1911 Encyclopædia Britannica/Pulaski, Casimir
|←Puket||1911 Encyclopædia Britannica, Volume 22
|See also Casimir Pulaski on Wikipedia; and our 1911 Encyclopædia Britannica disclaimer.|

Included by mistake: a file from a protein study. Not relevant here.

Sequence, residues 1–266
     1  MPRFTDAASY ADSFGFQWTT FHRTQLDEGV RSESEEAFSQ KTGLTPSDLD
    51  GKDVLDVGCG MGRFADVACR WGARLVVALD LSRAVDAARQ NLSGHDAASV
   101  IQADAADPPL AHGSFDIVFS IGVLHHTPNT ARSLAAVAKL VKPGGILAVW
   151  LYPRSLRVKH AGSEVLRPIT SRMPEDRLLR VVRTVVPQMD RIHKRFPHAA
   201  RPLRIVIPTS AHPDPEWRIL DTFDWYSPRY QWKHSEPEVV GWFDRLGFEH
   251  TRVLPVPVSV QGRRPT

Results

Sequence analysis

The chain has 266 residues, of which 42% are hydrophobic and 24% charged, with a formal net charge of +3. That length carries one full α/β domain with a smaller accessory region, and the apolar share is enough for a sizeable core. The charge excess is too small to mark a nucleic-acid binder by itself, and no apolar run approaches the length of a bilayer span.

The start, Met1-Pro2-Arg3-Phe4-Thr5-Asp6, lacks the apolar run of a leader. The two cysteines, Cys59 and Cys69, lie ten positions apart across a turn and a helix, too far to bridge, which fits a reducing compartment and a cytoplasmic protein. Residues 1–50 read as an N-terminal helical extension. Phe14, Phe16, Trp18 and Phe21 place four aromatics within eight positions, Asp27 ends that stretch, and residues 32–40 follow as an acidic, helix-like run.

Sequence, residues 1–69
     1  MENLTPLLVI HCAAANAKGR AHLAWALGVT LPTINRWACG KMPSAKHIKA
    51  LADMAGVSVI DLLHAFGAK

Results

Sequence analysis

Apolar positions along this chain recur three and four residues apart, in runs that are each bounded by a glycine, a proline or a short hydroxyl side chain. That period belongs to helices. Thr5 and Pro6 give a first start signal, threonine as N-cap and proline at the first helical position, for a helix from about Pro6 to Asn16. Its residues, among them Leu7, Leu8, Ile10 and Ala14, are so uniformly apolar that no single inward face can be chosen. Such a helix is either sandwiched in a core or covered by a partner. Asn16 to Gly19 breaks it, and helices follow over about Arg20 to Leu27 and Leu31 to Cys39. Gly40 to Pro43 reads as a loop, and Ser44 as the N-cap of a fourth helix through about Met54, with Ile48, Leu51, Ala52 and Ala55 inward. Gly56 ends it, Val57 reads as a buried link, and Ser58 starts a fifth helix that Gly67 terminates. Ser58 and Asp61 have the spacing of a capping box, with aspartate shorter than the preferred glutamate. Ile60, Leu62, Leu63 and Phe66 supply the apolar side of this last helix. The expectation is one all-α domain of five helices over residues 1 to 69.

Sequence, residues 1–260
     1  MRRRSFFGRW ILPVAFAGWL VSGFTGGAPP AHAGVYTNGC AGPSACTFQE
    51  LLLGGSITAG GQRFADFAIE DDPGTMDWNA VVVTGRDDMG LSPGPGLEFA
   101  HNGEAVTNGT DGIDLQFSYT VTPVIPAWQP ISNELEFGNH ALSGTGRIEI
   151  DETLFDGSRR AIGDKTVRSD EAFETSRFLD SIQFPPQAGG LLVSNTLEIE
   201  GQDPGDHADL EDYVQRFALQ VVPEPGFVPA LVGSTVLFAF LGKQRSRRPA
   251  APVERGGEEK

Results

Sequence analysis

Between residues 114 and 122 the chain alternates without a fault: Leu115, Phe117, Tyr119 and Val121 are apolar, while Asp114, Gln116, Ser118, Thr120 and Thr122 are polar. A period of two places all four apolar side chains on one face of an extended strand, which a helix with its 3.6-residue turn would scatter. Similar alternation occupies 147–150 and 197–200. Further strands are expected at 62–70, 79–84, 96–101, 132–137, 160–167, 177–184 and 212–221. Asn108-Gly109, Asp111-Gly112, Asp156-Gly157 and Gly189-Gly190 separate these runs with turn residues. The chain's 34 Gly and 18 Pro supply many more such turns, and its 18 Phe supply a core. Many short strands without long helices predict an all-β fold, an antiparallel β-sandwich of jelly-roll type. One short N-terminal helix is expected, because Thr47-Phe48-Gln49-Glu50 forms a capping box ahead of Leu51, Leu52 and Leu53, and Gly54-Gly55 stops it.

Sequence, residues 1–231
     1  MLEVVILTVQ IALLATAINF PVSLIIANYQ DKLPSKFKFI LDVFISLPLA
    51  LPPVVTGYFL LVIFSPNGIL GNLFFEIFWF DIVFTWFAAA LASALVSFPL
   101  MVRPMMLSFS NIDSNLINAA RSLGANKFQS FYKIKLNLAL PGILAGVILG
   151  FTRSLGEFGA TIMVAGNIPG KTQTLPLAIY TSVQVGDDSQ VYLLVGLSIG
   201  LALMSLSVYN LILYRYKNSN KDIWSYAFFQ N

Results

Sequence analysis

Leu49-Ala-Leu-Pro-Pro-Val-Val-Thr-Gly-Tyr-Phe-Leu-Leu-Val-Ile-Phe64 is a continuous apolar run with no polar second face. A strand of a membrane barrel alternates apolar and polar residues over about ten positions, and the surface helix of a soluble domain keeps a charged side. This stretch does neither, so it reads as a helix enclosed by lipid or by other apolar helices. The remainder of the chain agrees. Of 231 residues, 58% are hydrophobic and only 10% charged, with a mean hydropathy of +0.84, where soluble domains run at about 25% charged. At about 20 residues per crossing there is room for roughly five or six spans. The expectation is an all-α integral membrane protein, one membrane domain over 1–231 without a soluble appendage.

PULASKI, CASIMIR, Count (1748-1779), Polish soldier, was born in Podolia in 1748, and took a prominent share, under his father Count Joseph Pulaski, in the formation of the confederation of Bar and in the military operations which followed, becoming ultimately commander-in-chief of the Polish patriot forces. Driven into exile about 1772, Pulaski went to America and joined the army of Washington in 1777. He distinguished himself at once in the battle of Brandywine, was made a brigadier-general and chief of cavalry by Congress, and fought at Germantown, and in the battles of the winter 1777-78, after which he raised a mixed corps called the Pulaski legion. At the head of this force he won further distinction in the southern theatre of war, and successfully defended Charleston in May 1779. He was mortally wounded soon afterwards at the unsuccessful attack on Savannah (Oct. 9) and died two days later on board ship. Congress voted a monument to his memory; and though this vote has never been carried into execution, Lafayette laid the corner-stone of a monument in Savannah in 1824, and this was completed in 1855.